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Jones brings experience, rivalry to consulting role

As the head coach at Greenwood high school in western Arkansas, Rick Jones presided over camps for elementary school-aged football players every summer. Not only did Jones teach the young athletes the fundamentals of blocking and tackling, he used the opportunity to indoctrinate them into the Bulldogs’ fiercest rivalry.

“I’d say, ‘You ought to look around right now,’” Jones recalled. “‘You look around at these people right here, working and sweating and focused on being the best you can be. If you don’t like it, you know where you need to go?’”

The answer, which the kids would yell in unison: “Alma!”

“I’d say, ‘that’s exactly right,’” Jones said with a laugh. “Fanning the flames of hate among our third-graders.”

Longtime high school coach Rick Jones left Greenwood high after 16 seasons to be a consultant on Eli Drinkwitz's staff at Missouri.
Longtime high school coach Rick Jones left Greenwood high after 16 seasons to be a consultant on Eli Drinkwitz's staff at Missouri. (twitter.com)

Located about 30 miles away on the opposite side of Fort Smith, Alma high school played Greenwood on the gridiron every season from 1975 through 2017. The majority of those meetings came with both schools in the same conference, and especially in the 1990’s and 2000’s, the game always seemed to determine the conference title. That combination of competitiveness and proximity forged a rivalry that Alma assistant Jason Reeves compared to the Hatfield-McCoy feud.

On the other side of the rivalry during some of its most heated years was the man who just hired Jones: Missouri head coach Eliah Drinkwitz. Drinkwitz played football at Alma from 1997 through 2000 and got his first coaching job with the Airedales’ junior high team in 2005. In February, a couple months after signing a six-year deal as Missouri’s new head coach, Drinkwitz hired Jones to be a senior consultant.

“As many ugly things as I’ve said about the Airedales over the course of 16 years, it is sort of ironic that now an Airedale is my boss,” Jones said.

The rivalry between Greenwood and Alma is just one reason why, on the surface, it might have raised eyebrows when, after 16 years, Jones left what he called “the best job in the country” for an off-field college role underneath a head coach 28 years his junior. But those who have gotten to know Jones believe he can be a valuable asset to Missouri’s staff, and Jones is eager for the challenge.


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Jones’ coaching trajectory has been a bit unconventional from the start. He knew from an early age that he wanted to coach football, yet he got his first “job” before he felt ready.

Jones walked on to play linebacker at Harding University, a Division-II school in Searcy, Arkansas. He suffered a season-ending injury early during his senior season. Knowing he wanted to get into coaching, his head coach asked him to stay around the team and help coach the offensive line. Despite the fact that he had never played in the trenches, Jones agreed. He did well enough that the staff asked him to return as a graduate assistant the following season while he got his Master’s degree.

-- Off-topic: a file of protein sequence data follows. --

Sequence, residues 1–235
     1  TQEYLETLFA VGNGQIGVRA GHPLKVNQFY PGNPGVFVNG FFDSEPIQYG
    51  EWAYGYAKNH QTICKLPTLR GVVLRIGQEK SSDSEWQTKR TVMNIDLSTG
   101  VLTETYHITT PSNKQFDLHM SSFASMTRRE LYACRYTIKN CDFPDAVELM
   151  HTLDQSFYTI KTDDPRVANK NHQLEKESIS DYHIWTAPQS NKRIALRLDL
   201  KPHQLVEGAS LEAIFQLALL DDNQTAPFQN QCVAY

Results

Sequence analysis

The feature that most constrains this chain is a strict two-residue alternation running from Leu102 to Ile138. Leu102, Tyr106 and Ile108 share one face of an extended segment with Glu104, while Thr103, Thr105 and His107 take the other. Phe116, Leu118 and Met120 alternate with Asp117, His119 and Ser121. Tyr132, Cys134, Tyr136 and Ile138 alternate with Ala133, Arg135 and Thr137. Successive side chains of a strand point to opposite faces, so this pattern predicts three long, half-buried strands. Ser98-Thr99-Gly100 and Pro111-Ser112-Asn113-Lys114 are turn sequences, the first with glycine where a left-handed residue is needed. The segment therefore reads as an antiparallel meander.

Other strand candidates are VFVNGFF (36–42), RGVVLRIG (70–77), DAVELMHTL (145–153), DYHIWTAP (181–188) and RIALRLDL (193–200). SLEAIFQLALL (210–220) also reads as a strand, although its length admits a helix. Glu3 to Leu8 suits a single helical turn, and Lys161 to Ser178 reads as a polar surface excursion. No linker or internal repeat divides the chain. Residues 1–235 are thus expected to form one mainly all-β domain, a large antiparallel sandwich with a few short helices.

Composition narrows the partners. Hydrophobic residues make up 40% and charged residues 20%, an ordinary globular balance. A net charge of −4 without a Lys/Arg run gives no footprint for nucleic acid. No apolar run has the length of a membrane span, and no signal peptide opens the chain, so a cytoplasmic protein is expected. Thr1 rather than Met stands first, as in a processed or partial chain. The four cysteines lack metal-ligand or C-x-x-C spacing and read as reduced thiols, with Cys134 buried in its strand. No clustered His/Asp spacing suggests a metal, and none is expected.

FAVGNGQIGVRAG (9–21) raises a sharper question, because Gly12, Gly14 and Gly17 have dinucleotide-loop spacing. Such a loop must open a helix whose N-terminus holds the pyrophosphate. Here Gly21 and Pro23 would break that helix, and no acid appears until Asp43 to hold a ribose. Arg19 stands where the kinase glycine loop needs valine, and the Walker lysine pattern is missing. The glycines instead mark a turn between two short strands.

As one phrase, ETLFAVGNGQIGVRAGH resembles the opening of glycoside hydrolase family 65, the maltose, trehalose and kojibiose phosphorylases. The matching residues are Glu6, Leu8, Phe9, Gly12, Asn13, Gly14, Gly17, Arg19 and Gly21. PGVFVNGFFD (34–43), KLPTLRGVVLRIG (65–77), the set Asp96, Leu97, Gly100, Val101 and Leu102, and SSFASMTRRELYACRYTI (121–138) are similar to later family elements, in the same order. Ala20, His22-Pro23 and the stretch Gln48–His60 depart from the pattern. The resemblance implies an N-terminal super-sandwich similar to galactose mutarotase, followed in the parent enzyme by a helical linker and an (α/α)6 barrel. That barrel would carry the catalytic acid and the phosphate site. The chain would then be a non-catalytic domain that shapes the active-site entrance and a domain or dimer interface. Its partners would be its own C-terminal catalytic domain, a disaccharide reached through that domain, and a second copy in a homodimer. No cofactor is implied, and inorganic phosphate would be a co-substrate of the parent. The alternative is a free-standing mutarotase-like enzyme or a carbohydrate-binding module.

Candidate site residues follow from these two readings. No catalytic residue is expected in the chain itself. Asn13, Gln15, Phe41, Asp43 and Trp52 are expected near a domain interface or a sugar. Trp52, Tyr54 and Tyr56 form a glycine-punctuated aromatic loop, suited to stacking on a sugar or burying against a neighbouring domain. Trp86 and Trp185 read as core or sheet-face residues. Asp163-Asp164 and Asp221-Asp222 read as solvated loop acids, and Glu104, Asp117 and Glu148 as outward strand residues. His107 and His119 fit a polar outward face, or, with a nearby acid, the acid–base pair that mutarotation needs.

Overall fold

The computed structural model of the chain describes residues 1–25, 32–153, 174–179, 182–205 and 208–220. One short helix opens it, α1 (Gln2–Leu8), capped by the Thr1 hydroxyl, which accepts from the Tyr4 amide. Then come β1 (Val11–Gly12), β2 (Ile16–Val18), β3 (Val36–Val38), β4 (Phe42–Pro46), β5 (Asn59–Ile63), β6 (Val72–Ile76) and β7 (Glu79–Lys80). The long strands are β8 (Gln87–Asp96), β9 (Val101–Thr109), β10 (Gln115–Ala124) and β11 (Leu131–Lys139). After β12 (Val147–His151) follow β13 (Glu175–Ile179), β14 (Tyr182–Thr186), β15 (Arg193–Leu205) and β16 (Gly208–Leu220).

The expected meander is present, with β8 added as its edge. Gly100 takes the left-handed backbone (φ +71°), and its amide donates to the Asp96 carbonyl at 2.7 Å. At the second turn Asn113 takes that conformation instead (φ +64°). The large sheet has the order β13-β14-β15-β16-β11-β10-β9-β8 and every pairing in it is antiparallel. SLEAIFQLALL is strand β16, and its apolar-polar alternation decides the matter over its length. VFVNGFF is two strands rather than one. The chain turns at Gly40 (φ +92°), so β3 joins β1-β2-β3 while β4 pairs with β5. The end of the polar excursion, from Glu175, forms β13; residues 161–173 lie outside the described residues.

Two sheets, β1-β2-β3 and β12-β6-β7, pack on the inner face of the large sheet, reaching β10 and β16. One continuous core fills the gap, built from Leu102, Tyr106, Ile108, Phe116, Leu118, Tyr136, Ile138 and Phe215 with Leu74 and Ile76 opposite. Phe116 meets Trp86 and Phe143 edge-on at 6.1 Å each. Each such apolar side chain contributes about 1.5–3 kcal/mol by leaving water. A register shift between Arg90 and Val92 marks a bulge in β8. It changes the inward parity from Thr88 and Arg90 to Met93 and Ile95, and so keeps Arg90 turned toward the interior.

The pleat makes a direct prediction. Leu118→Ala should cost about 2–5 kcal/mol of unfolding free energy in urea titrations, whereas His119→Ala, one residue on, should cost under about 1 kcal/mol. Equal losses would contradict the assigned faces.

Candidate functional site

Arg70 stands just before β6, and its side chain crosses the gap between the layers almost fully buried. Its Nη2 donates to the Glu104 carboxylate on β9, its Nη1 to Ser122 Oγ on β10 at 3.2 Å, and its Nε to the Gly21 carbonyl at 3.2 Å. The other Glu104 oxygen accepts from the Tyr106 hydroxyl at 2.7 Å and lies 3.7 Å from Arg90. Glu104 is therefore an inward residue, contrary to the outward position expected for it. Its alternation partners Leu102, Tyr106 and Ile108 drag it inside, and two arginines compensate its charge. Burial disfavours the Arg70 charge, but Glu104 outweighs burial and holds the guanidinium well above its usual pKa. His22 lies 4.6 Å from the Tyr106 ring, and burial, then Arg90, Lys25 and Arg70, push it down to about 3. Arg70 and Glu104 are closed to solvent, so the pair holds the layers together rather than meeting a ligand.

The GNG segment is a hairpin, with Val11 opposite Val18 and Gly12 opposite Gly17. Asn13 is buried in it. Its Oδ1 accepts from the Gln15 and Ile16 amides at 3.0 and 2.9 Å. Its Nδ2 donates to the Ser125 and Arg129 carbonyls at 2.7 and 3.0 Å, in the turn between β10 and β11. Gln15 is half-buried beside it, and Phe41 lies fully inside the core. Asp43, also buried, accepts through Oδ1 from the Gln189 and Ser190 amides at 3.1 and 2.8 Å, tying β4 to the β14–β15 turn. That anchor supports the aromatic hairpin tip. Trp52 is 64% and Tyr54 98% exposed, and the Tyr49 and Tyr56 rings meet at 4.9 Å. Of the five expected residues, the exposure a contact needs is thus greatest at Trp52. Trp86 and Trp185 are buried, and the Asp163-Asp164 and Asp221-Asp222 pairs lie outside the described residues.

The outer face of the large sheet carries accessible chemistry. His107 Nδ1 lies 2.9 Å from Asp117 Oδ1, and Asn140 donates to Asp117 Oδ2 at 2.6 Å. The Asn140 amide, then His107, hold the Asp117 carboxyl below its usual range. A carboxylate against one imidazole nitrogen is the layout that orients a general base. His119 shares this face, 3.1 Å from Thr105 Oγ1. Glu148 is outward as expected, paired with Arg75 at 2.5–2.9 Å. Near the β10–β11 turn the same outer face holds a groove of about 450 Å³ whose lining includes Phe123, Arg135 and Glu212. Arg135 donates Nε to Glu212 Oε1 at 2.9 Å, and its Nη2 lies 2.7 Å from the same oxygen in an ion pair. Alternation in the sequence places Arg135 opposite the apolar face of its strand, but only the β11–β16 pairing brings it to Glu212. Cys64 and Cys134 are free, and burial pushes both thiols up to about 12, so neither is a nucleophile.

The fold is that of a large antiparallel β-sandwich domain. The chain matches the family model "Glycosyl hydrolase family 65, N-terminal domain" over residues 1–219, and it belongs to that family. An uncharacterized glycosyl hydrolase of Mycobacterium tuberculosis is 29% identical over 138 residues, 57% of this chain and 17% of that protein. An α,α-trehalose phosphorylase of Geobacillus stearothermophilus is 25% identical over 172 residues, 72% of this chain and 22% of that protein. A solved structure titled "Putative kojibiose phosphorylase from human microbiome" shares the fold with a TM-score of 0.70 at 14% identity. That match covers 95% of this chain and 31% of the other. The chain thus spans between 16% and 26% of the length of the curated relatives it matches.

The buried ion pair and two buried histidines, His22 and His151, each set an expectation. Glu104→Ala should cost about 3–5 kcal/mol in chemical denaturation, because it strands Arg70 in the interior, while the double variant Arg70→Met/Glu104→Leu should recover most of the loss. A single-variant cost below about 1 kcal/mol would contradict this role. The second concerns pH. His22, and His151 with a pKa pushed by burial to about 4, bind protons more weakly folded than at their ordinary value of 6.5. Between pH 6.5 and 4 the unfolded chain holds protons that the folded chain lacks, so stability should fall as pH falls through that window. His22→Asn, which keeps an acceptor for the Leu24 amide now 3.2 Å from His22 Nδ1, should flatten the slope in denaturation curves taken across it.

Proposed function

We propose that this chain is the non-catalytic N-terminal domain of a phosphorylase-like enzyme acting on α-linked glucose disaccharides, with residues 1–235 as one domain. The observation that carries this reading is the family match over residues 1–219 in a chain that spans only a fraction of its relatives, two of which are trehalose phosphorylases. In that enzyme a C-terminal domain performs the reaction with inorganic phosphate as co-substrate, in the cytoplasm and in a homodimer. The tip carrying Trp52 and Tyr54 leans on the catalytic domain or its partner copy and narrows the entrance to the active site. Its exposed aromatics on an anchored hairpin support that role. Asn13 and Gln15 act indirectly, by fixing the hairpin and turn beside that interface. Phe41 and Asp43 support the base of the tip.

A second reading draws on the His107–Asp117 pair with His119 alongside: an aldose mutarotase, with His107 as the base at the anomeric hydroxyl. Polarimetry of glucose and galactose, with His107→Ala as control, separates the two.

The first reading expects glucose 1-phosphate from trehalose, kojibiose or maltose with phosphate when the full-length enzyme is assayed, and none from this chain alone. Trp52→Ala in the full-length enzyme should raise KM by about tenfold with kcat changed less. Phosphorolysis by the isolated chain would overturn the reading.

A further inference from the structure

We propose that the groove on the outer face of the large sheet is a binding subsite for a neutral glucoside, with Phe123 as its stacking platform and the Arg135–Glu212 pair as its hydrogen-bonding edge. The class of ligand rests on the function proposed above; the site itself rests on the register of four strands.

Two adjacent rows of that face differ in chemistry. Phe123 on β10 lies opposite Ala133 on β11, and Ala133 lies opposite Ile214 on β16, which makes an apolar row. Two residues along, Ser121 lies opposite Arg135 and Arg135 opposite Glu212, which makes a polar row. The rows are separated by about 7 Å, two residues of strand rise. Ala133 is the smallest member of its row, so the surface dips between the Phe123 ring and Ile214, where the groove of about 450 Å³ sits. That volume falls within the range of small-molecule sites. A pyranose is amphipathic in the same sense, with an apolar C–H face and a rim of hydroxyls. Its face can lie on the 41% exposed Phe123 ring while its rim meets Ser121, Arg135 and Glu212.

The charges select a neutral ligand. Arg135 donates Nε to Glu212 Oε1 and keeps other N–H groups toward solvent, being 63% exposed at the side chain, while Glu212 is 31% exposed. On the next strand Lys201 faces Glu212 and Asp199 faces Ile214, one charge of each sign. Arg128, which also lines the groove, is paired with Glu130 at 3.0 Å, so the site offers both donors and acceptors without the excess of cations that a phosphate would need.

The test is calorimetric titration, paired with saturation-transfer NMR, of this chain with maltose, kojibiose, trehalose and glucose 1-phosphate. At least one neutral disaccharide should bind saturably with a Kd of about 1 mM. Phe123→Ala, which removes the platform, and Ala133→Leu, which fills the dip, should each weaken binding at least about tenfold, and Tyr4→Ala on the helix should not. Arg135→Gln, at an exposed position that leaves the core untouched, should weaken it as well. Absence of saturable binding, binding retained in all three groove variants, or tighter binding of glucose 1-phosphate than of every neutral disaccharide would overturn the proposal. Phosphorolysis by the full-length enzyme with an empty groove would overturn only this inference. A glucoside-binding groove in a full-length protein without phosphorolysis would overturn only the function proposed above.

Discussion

From there, Jones planned to move to Texas and find a job at one of the many football-crazed high schools in the state. He interviewed with a few schools and got turned down, but one of the coaches who interviewed him told him about an opening in Del City, Oklahoma. He got his first job as an assistant at Del City high. From there, he bounced around between Oklahoma schools, landing his first head coaching job at Edmond Memorial high school in 1987. He won a state title two years later, then upgraded to powerhouse Tulsa Union. Jones coached there for two seasons before landing an offer to coach under Jesse Branch at Missouri State.

Jones didn’t want to regret missing out on his chance to try his hand at college coaching, so he accepted and spent three seasons on the staff in Springfield. When Branch stepped down following the 1994 season, Jones returned to the Oklahoma high school ranks, spending nine seasons at Broken Arrow, before he was contacted about an opening in Greenwood. Jones was initially skeptical — it would be a steep step down in size from Broken Arrow, which had more than 4,000 students, to Greenwood’s 1,200 — but both Barry Lunney Sr. and Gus Malzahn, legendary Arkansas high school coaches who Jones had gotten to know, recommended he at least entertain the offer. Within about 10 minutes of arriving at the school, Jones said, he knew he wanted the job.

Jones wasted little time in making his mark. He led Greenwood to the state championship game in 2004, his first season at the helm. The Bulldogs lost a heartbreaker, falling short on a two-point conversion that would have tied the game in the final seconds. The following year, Greenwood went 13-1 and prevailed in the title game.